Isn't it a little early for campaign attack ads? Many Kansans probably were surprised by television ads that have run recently attacking the record of State Treasurer Lynn Jenkins, who has announced her intention to seek the Republican nomination for the 2nd District congressional seat now held by Rep. Nancy Boyda, a Democrat. Jenkins' only announced opponent for the nomination is former Rep. Jim Ryun, whom Boyda defeated last year.
The Republican race was expected to be hotly contested, but it still was a little surprising to see televised ads taking aim at any candidate 14 months ahead of the August 2008 primary. Although Ryun is the obvious beneficiary from such ads, his campaign did not pay for them. Instead, the ad time was purchased by the Club for Growth, an anti-tax political action committee that apparently has plenty of money to spread around.
It's not surprising, therefore, that taxes are the focus of the attack on Jenkins based on votes she cast while a member of the Kansas Legislature. The ad has actors decrying "the Lynn Jenkins gas tax," "the Lynn Jenkins property tax" and "the Lynn Jenkins sales tax." Without any explanation of such matters as the fact that the gasoline tax helped fund the popular state highway program, the Club for Growth concludes, "We can't afford Lynn Jenkins in Washington."
Taxes, of course, are a popular political demon, but the single-minded demonization of any candidate who dares consider a tax increase for any purpose is a trademark of Club for Growth. Ask three Kansas legislators who were targeted by Club for Growth in the 2004 Republican primary.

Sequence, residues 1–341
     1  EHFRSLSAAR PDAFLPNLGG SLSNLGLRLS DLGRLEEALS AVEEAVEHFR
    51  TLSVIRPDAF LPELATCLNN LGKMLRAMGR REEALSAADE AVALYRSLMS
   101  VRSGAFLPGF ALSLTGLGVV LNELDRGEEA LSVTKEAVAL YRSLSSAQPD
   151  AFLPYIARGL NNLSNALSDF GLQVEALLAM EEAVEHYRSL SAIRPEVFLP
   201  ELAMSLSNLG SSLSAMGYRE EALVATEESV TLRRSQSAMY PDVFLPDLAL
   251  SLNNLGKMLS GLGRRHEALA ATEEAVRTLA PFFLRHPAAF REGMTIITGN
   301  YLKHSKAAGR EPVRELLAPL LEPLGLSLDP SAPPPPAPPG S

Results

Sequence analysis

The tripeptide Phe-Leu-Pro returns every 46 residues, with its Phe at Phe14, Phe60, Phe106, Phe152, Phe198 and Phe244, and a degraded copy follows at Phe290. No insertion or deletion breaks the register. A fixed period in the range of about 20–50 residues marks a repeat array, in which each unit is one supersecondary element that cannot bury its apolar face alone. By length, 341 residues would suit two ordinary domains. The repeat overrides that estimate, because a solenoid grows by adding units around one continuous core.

The group took aim at the legislators because they had worked on a bipartisan effort - which included a tax component - to craft a school finance package that might have headed off the Supreme Court challenge of the state's school finance law. Club for Growth poured tens of thousands of dollars into a postcard campaign in the closing days before the primary, and all three legislators were defeated.
It's interesting that the group uses most of its money to identify and widen splits within the Republican Party, something Kansas Republicans seem to be doing well enough on their own right now. In 2004, the national president of Club for Growth justified the attack on moderate Republicans as a way "to impose some discipline in the Republican Party." He further predicted that in five years, "there will be no pro-tax Republicans left in Kansas."
Only three years have passed, and Jenkins apparently provides evidence that the group's work is not yet done.
Politics is a big money business, but it's unseemly to see such a personal attack being launched before the campaign even gets started. Both Ryun and Jenkins should have an opportunity to make their case without the outside interference of well-heeled special interest groups who spread half-truths on either side of the race. Goodness knows there will be plenty of time for that later on.